X2 Interviews Pt. 3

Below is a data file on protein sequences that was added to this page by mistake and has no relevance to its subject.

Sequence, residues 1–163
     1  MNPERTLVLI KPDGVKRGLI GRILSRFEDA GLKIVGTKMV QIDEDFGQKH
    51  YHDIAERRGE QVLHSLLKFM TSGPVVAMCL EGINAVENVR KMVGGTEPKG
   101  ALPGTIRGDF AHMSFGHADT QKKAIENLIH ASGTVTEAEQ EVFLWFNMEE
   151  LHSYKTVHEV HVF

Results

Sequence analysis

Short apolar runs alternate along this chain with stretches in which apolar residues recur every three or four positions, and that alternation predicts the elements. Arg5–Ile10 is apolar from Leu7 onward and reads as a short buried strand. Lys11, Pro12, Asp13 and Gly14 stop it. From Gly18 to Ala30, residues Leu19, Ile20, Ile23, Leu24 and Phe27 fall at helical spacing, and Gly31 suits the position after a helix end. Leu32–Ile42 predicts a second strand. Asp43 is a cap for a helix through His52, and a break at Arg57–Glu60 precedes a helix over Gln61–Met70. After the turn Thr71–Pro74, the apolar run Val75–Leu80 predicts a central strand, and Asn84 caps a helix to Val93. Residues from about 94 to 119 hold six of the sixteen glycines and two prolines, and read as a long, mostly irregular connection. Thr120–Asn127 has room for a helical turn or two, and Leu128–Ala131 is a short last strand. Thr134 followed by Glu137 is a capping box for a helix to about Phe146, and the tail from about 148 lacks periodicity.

Next up in our series of interviews, is talkative X2 director Bryan Singer who will explain below in the first sentence why I don't refer to this film as X-MEN UNITED. Everytime I see a commercial that features that tagline I just picture him having a heart-attack. But other than that short outburst he was nothing like the violent tempered hothead he's made out to be. Very generous and friendly, offering up all kinds of answers and not getting to wrapped up in his own genius. Speaking of not getting wrapped up in one's self, here's Bryan: So X2: X-MEN UNITED? BS: No, that's NOT the title of the fucking movie. It's not X-MEN UNITED, it's called X2. Tell Fox. BS: Yeah, somebody better tell Fox because now it's gonna become a -- [Fox rep chimes in] Fox: X-MEN UNITED is the advertising tagline. BS: OK... And it's not X-squared either right? BS: No it's not X-squared either. That was another advertising blunder. I heard that while I was on the phone with Variety [when X2 was announced]. I'm like, no I think that's a cruel joke. Someone involved with the ALIEN franchise thought they would have another go at it. How was this production different? BS: Much more smoother operating. How did that relaxation come out in the second film? BS: I think it was having already gone through the process of defining these characters and getting a lot of the exposition out of the way, feeling more comfortable with the universe, the actors feeling more comfortable with their characters...having a little more time and a little more money. I personally made a conscious decision not to let the whole process stress me out as much as it did the first time. More riding on it and somehow less cause we already had success with the first film and now we could actually have fun with this movie and have something special that would take it to another level. You say you consciously go about it but how exactly do you do that? BS: [thinks] You...just do it. You decide now, having success with the first one, a certain kind of freedom has been earned. You take that freedom and roll and embrace it. You have more resources - not a lot more but a little more resources. Some more time. A great cast that are near and dear to you and know that you are very blessed and now you can think of all the wonderful advanced things you can do now that you have all that behind you. I don't know exactly...I just consciously did it. It's GONNA be enjoyable. And then I stress all the time but I keep my stress more contained in my trailer. How do you handle all the egos on set? BS: There are no egos. Really? BS: Yeah. These actors have none. Truly. Really. There's zero, they don't exist. They have absolute trust in my process and what I ask of them and they come on the set and do their jobs amazingly and there has never been a conflict of ego on any film I've ever made. Any film, from USUAL SUSPECTS to APT PUPIL to X-MEN 1 to X-MEN 2. After the Oscar, before the Oscar, Halle couldn't have been more delightful. Ian and I have made three films. Patrick is fantastic and I've become dear friends with him and Hugh [Jackman] and [wife] Deb. It doesn't even cross their minds.